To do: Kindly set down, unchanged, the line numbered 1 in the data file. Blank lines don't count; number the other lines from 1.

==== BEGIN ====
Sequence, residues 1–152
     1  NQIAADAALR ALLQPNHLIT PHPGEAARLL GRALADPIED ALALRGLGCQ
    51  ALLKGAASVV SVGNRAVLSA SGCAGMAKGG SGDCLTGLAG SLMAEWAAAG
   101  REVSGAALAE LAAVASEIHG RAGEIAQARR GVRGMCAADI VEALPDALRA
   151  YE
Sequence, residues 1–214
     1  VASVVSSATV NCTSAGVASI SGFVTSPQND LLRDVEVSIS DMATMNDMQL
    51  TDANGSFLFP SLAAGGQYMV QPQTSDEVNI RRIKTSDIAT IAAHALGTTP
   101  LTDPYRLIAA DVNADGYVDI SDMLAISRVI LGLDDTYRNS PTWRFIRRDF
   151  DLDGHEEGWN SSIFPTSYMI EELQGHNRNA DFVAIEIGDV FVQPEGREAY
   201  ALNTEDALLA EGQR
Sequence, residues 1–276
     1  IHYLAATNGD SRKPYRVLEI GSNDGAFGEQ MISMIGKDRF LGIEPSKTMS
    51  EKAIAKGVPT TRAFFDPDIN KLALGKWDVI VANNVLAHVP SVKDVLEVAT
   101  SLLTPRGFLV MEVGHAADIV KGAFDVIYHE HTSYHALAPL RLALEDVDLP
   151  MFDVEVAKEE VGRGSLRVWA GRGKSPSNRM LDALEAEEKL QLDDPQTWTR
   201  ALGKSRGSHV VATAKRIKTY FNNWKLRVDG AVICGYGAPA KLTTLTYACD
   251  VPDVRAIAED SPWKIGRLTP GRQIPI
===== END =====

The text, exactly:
Sequence, residues 1–152